NEW ZEALAND ISN’T OBSESSED WITH ENSURING ECONOMIC GROWTH
Aruba, June 17, 2019 – What nation isn’t obsessed with ensuring economic growth? New Zealand, apparently.
Writing in 1930, John Maynard Keynes predicted that by 2030 we would work only 15 hours a week. Economic growth would lift our standard of living four- to eightfold, and the everyday citizen could finally stop plugging away.
As I’m sure we all realize, Keynes’ leisure-time predictions have not yet come to pass. Not because our standard of living hasn’t risen as a result of economic growth (in fact, his estimate was right on the mark), but because, even after life-changingly rapid advances over almost a century, we’ve just . . . carried on working. The United States is obsessed with ensuring continued economic growth. What modern nation isn’t?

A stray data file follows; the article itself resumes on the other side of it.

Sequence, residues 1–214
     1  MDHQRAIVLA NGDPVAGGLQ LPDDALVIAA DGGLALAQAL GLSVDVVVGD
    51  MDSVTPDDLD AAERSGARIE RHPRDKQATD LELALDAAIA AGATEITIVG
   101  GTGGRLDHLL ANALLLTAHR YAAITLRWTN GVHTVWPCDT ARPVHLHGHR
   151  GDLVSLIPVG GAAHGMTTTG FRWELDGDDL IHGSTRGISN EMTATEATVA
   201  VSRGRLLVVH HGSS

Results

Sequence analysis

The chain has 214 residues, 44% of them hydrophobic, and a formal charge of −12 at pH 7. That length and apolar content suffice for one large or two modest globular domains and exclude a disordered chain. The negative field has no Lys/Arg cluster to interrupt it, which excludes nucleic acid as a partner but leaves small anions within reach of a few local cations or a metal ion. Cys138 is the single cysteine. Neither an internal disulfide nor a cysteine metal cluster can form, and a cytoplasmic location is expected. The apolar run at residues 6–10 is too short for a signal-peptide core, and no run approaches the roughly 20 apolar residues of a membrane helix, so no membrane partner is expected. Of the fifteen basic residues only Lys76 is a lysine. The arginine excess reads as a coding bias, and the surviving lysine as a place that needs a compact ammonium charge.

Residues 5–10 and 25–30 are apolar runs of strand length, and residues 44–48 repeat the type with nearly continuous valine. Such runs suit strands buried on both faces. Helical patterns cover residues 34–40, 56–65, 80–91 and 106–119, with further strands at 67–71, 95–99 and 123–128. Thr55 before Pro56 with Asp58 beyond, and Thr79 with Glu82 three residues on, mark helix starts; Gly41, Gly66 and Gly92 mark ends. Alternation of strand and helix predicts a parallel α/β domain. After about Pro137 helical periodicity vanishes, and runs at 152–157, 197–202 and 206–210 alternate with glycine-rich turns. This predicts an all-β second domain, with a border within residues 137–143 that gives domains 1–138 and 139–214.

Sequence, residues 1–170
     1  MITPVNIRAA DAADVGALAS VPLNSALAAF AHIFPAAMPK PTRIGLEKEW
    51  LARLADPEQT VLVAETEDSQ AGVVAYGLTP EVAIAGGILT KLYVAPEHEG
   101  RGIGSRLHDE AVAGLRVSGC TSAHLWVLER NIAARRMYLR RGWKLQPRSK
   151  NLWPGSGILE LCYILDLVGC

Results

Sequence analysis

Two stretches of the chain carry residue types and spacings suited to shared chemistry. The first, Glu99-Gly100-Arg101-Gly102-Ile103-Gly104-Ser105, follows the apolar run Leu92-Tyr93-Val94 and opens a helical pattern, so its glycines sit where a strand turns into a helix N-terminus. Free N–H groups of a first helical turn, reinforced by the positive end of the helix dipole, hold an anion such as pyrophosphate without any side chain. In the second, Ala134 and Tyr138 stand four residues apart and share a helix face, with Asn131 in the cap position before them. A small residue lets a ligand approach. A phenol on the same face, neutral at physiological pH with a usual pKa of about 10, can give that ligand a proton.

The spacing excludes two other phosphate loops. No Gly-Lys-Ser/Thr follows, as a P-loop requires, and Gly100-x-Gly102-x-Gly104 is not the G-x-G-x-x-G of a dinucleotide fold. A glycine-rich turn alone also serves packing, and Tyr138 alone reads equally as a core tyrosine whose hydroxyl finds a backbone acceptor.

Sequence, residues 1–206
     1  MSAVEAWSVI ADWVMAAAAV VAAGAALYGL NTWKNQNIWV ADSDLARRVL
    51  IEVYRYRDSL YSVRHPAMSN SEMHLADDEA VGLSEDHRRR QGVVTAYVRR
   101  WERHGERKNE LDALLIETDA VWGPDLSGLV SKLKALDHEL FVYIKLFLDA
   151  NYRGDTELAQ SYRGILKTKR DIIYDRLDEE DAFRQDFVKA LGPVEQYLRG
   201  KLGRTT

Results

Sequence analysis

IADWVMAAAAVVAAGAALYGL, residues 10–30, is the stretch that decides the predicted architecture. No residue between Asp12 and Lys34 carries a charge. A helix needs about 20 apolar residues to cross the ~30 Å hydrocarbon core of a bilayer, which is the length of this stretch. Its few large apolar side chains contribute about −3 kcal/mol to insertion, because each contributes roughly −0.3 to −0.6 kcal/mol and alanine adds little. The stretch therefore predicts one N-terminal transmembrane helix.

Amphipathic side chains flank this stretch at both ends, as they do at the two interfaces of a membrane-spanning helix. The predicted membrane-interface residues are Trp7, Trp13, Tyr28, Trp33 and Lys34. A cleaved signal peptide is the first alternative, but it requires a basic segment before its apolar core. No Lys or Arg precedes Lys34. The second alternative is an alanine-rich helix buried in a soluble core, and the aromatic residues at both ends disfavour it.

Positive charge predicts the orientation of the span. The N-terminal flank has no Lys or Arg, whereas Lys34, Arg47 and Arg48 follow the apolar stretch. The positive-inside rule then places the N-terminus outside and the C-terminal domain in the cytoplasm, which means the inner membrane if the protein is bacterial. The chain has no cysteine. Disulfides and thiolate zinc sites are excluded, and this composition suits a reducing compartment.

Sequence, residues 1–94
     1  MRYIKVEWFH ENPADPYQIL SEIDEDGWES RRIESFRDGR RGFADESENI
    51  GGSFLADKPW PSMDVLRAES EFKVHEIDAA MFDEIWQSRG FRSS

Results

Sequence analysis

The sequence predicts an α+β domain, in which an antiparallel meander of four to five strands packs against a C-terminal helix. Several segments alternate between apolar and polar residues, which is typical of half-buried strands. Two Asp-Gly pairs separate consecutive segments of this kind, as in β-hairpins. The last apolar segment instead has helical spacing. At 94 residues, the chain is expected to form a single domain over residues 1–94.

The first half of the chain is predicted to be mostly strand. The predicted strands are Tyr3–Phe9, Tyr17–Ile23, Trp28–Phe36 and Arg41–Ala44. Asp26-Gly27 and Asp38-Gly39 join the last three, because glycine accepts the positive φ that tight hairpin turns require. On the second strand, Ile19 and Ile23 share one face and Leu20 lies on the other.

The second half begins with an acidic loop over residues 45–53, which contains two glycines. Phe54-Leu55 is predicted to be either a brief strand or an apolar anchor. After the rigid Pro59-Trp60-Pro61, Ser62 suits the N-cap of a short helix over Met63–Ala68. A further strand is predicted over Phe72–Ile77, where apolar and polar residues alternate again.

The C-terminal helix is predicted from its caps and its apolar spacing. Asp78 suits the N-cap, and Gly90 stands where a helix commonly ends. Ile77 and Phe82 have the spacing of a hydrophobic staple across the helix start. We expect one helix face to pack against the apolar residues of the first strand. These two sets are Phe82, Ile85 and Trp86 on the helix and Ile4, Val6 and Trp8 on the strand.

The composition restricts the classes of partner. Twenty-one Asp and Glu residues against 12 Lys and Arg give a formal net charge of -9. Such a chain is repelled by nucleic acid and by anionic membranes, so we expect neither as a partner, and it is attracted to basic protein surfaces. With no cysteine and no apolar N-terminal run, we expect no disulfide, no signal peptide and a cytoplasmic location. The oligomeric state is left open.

New Zealand, as it turns out.
Last month, the island nation released its first “Wellbeing Budget.” Contra most national spending plans, the goal of the coming year’s appropriations is not to boost gross domestic product but to increase the happiness of the country’s citizens. In the next fiscal year, all of New Zealand’s noncore spending must be oriented toward five well-being goals: improving mental health, reducing child poverty, supporting indigenous people, transitioning to a low-emissions economy and thriving in a digital age. And to measure success, the government will track nontraditional indicators such as perceived environmental quality and sense of belonging.
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